• Mitigator of Skills Gaps and Outsourcing. Many GCs recognize skills gaps and bandwidth limitations among their in-house teams, which is driving specific needs for outsourcing to external experts, service providers and law firms. When asked to select their top drivers for outsourcing legal work to law firms or service providers, surveyed general counsel identified: Needing expertise not available within the internal team (84 percent), adding bandwidth in terms of head count (55 percent) and cost savings of outsourcing vs. hiring (32 percent). One GC said, “Most of my outsourcing is to enlist experts, such as SEC and M&A, or capacity. I tend to outsource items at the highest level, such as very complex deals, and lower level, such as commercial contracts.” Another added, “The biggest driver is that we are focused on getting the right expertise for the right project.”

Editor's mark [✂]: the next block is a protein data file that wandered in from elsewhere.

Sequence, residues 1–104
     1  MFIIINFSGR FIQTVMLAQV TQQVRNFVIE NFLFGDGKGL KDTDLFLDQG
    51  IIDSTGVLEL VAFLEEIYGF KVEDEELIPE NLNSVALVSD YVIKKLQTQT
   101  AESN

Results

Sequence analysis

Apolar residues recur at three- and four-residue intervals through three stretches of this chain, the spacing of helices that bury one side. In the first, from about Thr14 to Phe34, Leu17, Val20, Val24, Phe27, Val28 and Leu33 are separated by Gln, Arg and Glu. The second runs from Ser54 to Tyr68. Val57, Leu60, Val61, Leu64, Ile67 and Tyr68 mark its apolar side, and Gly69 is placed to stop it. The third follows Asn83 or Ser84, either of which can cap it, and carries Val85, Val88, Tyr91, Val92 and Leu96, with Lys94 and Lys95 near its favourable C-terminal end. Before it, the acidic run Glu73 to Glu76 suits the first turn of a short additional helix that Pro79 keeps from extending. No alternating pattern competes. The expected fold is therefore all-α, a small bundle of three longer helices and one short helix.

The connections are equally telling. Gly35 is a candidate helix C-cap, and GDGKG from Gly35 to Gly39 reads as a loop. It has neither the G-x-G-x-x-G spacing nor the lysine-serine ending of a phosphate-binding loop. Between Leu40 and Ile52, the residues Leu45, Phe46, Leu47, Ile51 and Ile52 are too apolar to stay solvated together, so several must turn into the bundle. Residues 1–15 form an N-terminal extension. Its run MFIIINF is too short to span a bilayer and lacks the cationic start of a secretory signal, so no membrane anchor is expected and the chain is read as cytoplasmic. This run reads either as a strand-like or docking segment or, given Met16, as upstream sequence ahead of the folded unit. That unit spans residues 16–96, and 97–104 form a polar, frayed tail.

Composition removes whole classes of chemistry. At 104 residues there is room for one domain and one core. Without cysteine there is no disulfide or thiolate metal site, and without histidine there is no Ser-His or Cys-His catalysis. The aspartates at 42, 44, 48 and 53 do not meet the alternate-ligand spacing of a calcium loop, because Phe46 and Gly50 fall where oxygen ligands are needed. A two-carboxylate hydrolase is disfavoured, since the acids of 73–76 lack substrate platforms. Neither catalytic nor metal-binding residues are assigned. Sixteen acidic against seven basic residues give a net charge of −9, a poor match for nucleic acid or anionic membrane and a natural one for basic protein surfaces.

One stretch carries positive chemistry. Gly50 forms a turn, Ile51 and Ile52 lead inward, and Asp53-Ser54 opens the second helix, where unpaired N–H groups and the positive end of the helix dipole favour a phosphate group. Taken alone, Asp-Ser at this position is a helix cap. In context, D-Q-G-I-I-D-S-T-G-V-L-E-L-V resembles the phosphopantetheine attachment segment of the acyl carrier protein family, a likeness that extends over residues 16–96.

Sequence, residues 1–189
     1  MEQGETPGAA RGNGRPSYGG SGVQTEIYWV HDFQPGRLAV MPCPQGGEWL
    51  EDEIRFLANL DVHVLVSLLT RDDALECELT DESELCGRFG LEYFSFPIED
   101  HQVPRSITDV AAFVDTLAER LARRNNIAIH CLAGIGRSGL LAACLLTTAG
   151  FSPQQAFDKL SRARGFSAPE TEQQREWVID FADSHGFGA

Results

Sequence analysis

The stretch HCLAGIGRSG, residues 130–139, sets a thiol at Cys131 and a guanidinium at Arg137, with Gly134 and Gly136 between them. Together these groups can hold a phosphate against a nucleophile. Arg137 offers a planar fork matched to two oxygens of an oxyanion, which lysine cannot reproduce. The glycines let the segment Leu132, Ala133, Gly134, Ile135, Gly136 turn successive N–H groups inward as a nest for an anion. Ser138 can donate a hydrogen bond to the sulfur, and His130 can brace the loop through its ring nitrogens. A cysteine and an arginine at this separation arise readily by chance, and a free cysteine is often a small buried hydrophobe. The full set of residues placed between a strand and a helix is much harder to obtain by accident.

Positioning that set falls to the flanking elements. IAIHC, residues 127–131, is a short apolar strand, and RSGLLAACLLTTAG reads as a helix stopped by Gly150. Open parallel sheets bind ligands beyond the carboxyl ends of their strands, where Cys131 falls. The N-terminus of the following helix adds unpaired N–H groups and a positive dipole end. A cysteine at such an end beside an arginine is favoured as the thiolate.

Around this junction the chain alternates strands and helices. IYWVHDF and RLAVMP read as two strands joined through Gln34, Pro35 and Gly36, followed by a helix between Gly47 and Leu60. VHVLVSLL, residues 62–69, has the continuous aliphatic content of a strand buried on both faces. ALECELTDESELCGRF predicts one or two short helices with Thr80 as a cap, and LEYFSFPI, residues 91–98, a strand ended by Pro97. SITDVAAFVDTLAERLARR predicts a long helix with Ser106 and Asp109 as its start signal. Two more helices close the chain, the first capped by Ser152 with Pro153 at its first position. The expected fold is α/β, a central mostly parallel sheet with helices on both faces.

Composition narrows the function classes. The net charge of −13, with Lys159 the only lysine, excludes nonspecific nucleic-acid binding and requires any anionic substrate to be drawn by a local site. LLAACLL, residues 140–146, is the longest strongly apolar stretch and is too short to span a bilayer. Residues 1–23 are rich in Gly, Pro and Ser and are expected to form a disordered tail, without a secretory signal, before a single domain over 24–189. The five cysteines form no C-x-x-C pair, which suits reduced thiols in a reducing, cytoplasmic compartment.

• Advocate of Technology Proficiency and Adoption. Confidence in technological capabilities increased by more than 15 percent over a similar survey in 2019, with 55 percent of this year’s participants reporting that they believe lawyers have adequate technological competence. One third of in-house legal teams are now using artificial intelligence (AI) as part of their technology stack and 70 percent use cloud or SaaS systems.

    While there is visible improvement on technology capability and adoption, it only goes so far. A large gap remains between capability and talent, and aptitude using collaboration tools like Slack or Teams vs. advanced e-discovery techniques or other complex software. One GC interviewed in the survey said, “Lawyers have an adequate level of competence when using tools, but they lack a strategic understanding of technology and how it can improve their business.”